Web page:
If you’ve ever enjoyed digging your toes into the fine white sand of a tropical beach, you have parrotfishes to thank.
These relatives of wrasses use their unique beaklike fused teeth—from which they get their common name—to scrape algae from corals. At the same time, parrotfishes also munch and crunch bits of stony coral skeleton. An additional set of molarlike teeth in their throats pulverizes the coral and the nutrients are digested.
The rest is expelled in a cloud of waste that includes the most beautiful sand in the world.
And it piles up quickly. Parrotfishes move in large schools and spend up to 90 percent of the day grazing—and processing. Estimates vary (as do the sizes of parrotfish species, from 1 to 4 feet) on how much sand one fish generates in a year, from around 200 to 700 pounds.
Parrotfishes’ diet and digestion make them critical to the health of two essential coastal habitats. They protect coral reefs, from the Caribbean to the Indo-Pacific, by controlling algae, which otherwise would overgrow and kill corals. And they are beach builders, countering erosive wave action on shorelines with their prodigious powdery outputs.
According to a Scientific American article, researchers have identified parrotfishes as major producers of island-building sediment in the Maldives. This nation of nearly 1,200 coral atolls in the Indian Ocean is at risk of being inundated by rising sea levels. So these bucktoothed browsers are combatting the effects of global climate change too.
But that’s just the start of parrotfishes’ unbelievableness.
Poop is good, poison not so much
Some of the things parrotfishes eat can make eating them hazardous to your health. They are among the many reef species that might ingest a tiny toxic organism as they graze. It doesn’t affect the fishes, but the potent toxin accumulates in their tissues, is undetectable and survives cooking, leading to the gastrointestinal and neurological horrors of ciguatera poisoning for unsuspecting diners. Pass on the parrotfish—we need them too much on coral reefs anyway.
Several species, including the princess parrot, which you can see in the Caribbean Reef, tuck themselves in each night by blowing a clear mucous bubble that envelopes the whole body. Like an invisible shield, it protects the fishes from blood-sucking parasites and nocturnal predators like moray eels and sharks
Most parrotfishes are protogynous sequential hermaphrodites. If that sounds complicated, it is.
In almost all parrot species, the young start out as females that have the ability to change into males as they age. The female stage of life is called the initial phase and the male the terminal phase. Sex shifts occur as the need or opportunity arises within parrotfishes’ harem social structure.
The large schools, which can number as many as 40 individuals, are led by one (formerly female) dominant male that has exclusive breeding privileges with the females. When that male dies, the largest female in the school begins the several-weeks-long transition into the new dominant male and new role.
The sex shifts are accompanied by such dramatic changes in color and pattern that early naturalists unwittingly assigned the males and females of the same species to separate taxonomic groups. The stoplight parrotfishes above are shown in both the typical red to brown coloration of a female and the eye-popping aqua coloration of a male. Depending on the species, the terminal-phase fish can also be vivid green or electric blue, with hot pink or chrome yellow markings. Juveniles have their own color patterns, and some species have the chameleonlike ability to change hue to mimic other fishes.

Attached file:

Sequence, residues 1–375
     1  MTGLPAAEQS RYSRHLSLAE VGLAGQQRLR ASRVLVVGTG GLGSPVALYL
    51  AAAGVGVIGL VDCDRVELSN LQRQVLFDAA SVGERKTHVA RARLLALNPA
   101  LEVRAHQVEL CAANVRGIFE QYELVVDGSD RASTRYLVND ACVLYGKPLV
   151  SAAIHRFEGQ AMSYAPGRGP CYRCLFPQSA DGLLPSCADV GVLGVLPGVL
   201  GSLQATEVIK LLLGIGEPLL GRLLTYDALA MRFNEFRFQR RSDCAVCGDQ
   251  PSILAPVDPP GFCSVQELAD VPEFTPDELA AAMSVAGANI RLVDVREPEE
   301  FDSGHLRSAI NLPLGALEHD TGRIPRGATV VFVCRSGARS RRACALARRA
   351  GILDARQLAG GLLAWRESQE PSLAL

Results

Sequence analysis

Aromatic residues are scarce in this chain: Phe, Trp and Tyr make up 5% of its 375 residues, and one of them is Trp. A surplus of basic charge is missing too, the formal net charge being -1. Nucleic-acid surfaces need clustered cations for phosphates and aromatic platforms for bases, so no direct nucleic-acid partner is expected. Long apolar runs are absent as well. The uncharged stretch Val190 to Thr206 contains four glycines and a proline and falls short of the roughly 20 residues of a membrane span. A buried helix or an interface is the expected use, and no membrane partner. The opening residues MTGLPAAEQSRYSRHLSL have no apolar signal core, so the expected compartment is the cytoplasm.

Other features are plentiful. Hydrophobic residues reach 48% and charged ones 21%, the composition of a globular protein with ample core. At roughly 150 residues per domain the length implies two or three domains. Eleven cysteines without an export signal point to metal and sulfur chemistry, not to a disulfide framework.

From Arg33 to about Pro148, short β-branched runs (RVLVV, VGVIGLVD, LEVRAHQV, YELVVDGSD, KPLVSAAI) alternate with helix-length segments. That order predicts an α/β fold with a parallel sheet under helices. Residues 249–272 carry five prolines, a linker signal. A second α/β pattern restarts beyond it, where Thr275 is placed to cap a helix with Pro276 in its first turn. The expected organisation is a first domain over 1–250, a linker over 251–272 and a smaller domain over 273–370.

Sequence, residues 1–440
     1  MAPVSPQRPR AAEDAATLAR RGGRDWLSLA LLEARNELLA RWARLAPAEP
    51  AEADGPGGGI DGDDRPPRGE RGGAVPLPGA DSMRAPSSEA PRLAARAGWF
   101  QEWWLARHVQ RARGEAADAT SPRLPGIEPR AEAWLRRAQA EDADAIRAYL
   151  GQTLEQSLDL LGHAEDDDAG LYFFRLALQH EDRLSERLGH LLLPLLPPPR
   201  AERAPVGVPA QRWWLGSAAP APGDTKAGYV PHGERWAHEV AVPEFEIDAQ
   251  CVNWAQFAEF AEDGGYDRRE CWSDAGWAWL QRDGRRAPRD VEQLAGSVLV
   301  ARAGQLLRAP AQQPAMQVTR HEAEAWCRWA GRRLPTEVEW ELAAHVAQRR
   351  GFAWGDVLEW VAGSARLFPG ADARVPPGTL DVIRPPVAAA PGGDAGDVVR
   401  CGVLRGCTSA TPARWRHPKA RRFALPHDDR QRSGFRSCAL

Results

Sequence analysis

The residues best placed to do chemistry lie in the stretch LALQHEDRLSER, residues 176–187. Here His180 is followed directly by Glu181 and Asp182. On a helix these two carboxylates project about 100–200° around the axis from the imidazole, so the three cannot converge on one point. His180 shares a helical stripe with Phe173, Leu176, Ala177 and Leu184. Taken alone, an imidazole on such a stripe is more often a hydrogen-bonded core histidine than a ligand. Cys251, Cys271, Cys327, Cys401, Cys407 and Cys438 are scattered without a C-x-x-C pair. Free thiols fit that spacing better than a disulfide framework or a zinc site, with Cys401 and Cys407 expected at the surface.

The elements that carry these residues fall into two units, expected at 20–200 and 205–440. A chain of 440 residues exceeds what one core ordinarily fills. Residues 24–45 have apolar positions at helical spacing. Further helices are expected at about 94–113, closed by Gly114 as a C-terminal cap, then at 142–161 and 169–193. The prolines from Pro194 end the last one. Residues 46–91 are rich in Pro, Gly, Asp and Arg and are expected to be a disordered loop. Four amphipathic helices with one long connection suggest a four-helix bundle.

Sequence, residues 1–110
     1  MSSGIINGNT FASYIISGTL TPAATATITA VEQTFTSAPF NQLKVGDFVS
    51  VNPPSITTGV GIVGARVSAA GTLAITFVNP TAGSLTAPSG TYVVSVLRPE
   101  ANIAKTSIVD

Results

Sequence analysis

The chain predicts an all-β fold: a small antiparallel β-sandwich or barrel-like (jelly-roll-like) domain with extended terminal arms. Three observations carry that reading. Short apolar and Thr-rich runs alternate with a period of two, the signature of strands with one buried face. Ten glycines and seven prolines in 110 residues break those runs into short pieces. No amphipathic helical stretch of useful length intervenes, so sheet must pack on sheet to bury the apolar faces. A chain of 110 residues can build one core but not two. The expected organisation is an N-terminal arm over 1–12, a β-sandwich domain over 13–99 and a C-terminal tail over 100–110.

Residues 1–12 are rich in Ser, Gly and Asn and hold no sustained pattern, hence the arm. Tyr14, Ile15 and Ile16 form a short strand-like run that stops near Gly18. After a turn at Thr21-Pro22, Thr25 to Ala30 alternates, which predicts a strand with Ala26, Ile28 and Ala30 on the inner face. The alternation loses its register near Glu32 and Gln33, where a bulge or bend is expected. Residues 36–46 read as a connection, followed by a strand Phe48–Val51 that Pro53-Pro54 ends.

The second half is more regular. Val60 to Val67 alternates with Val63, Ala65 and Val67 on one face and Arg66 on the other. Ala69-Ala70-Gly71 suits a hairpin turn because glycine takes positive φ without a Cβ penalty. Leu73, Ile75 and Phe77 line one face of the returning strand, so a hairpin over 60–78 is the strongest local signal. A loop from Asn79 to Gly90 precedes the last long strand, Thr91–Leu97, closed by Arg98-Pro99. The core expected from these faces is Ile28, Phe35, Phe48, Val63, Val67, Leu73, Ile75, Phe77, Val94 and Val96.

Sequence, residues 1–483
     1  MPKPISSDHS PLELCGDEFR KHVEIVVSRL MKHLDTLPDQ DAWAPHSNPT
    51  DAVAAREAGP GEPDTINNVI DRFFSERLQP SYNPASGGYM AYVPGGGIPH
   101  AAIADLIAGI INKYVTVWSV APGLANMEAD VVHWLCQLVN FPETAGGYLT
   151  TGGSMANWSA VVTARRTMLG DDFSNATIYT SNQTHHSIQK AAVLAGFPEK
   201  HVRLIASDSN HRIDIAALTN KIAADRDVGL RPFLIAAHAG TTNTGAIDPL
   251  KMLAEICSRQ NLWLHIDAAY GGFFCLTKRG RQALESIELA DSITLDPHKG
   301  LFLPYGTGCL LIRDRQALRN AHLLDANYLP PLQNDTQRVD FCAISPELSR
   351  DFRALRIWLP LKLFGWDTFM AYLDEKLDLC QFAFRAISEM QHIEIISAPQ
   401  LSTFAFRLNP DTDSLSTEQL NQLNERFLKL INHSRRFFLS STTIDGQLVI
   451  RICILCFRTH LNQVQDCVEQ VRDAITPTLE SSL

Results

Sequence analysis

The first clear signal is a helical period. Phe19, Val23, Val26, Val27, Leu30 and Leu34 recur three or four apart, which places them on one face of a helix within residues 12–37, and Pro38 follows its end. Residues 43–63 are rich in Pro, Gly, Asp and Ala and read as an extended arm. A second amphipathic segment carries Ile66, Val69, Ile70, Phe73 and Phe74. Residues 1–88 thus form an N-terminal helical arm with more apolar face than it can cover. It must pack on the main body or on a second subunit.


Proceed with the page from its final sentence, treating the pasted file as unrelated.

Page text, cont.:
The stoplight parrot is one of a number of parrotfish species in
which the young can also develop directly into males, although they can
still look like initial-phase females. And in one parrotfish species,
the fish stick to their birth sex.
Parrotfishes’ coral-chomping choppers grow continuously, a necessary adaptation to offset the extreme wear and tear of the fishes’ eating habits. In aquariums, where the corals in habitats are typically on exhibit rather than on the menu, animal care staffers must maintain the fishes’ teeth. That could include a veterinarian occasionally using a Dremel tool to trim the teeth. But Shedd’s aquarists concocted a more natural solution: plaster cakes.
Culinary creativity for the animals is widespread through the aquarium: ice cakes for the sea otters, nori rolls for the sea turtle. The parrots’ plaster cakes start, appropriately enough, with a batter of dental plaster. Shredded carrots, sweet potatoes and dried seaweed are stirred in, and it’s all topped with a bit of nori. After the mixture dries overnight, the cakes are dropped into the parrots’ habitats. The treats now resemble coral formations, allowing the fishes to feed naturally, which includes beneficial tooth grinding. (The harmless, calcium-compound dental plaster gets ground up in the digestive process and passes through the fish the same way calcium-carbonate coral does.)
Look for several species of parrotfishes in the Caribbean Reef and the iguana habitat in the Islands and Lakes gallery. They’re among many animals with unbelievable characteristics and adaptations that you’ll encounter at Shedd Aquarium.
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